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August 26, 2019 | 3 Mins Read

The Case for a Chief Service Officer

August 26, 2019 | 3 Mins Read

The Case for a Chief Service Officer


By Tom Paquin

I know what you’re thinking—The last thing that your business needs is another top-down decision-maker imposing their vision on a staff. But hear me out. I have two questions about service at your business.

Here’s the first: Where does the direction of your service business come from, on the executive level, today? Perhaps, if you’re a pure service business, it comes from product. For others, it may be a function of operations. For others still, it may sit solely with the CEO. Perhaps it comes from nowhere. At Future of Field Service, we’ve seen, interacted with, and learned from service leaders, whose titles included these roles, and countless others. The second question is this: Who makes the go/no-go decision on service technology for your business? Does it come from the same department? When is your CTO, CIO, or VP of BI, brought in to advise? Is there already some degree of incongruence within your business, here? Then a Chief Service Officer may be the bridge that you need to bring everything together. There is, of course, a little more to it than just that. Recent news impacting the service delivery industry is a symptom of a shift impacting businesses globally: Service is becoming the centerpiece of business growth. The 2010’s, for many, was the age of the customer. That mindset evolved over the decade based on several trends, including:

  • A shift away from ownership towards products-as-a-service.
  • An oversaturation of products entering the market from new, global entrants and decreasing barriers to entry.
  • A fundamental shift in the economy away from product-focused businesses towards services-focused businesses.
  • The need to diversify product portfolios with low-overhead add-ons that simultaneously offer value to the customer beyond your competitors.
  • Best-in-class manufacturers, retailers, and suppliers creating pathways towards completely upending business practices with service.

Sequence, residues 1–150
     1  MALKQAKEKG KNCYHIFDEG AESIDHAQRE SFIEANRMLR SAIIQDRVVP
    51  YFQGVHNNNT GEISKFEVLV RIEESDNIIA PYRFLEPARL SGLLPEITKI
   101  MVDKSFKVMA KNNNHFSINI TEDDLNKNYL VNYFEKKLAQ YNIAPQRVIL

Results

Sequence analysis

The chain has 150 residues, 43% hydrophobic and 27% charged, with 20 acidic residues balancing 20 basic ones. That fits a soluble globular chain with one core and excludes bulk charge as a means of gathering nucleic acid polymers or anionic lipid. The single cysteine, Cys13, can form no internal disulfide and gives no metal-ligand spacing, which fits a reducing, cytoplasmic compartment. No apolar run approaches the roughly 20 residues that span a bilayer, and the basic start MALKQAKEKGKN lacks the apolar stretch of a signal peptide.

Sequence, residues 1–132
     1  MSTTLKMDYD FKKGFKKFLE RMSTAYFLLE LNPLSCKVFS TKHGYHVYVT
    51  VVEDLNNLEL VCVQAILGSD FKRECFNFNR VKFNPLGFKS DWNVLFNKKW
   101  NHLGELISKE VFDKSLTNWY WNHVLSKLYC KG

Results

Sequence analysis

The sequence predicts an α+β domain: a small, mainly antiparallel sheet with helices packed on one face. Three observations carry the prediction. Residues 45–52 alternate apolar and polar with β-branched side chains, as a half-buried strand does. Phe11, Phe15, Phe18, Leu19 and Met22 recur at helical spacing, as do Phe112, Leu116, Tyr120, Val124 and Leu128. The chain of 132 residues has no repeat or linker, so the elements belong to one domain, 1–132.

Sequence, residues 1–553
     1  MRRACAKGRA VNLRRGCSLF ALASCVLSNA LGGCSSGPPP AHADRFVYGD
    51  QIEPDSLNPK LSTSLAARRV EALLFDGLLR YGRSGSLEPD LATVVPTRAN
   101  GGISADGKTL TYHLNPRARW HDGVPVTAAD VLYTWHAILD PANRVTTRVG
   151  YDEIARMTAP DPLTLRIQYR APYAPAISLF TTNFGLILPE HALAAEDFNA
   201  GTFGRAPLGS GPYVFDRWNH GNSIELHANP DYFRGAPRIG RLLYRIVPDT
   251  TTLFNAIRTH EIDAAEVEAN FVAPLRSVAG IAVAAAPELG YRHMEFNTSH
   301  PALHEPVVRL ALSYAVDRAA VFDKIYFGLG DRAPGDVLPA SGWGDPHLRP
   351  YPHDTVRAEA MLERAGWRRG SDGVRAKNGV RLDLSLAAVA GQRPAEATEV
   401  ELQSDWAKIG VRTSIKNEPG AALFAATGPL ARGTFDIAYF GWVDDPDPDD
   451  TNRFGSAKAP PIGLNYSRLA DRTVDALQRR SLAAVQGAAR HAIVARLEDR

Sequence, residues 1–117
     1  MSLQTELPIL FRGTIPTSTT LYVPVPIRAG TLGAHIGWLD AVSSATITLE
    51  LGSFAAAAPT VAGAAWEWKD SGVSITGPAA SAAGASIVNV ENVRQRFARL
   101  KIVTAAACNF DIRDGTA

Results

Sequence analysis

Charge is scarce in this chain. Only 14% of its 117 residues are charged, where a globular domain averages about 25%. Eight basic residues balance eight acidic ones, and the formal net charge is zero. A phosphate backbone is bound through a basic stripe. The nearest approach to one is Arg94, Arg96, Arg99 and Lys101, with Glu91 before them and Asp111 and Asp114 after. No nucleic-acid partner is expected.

There are dozens of other considerations to go along with these. All of these elements come together to make service an urgent consideration, if not for all businesses, then certainly for most. If you’re servitizing a legacy business, or just looking to enhance the service offerings that you have today, a Chief Service Officer is an ideal steward to help navigate your business through difficult waters. Service is a natural outgrowth of operations, but operations, as a function, is generally oriented towards minimizing overhead. This, traditionally, is a key function of service, but in the new service economy, becomes secondary to making service a growth agent for a business. In that way, service decisions may seem to fit more comfortably on the product side of a business, and for many, that might be enough. For businesses where their products aren’t exclusively service, though, the operational elements needed to make service run properly could weigh down the role. Enter the Chief Service Officer. The position that straddles the operations and product world, interfacing with both sides of the business, making service a continued discussion, and helping bridge the gap between the technical elements of successful Service Management adoption and the actual work of field and back-office employees. So what does the Chief Service Officer do? This will obviously differ from company to company, but on a high-level, here are some general ideas:

  • Own the technology rollout for all of service.
  • Work with product to set rigid parameters for service execution.
  • Develop benchmarks, roadmaps, and dashboard to measure service’s impact on the whole company.
  • Set up and execute on service business development efforts within sales.
  • Own the service management platform, tie it to all areas of enterprise resource planning, asset management, and customer experience management.
  • Make the push that your company provides service because it wants to faster a stronger relationship with its customers.

This is by no means a silver bullet for businesses looking to redefine service, but with the right person, and the right organizational outlook, it could be what sets your business on the track towards end-to-end service transformation.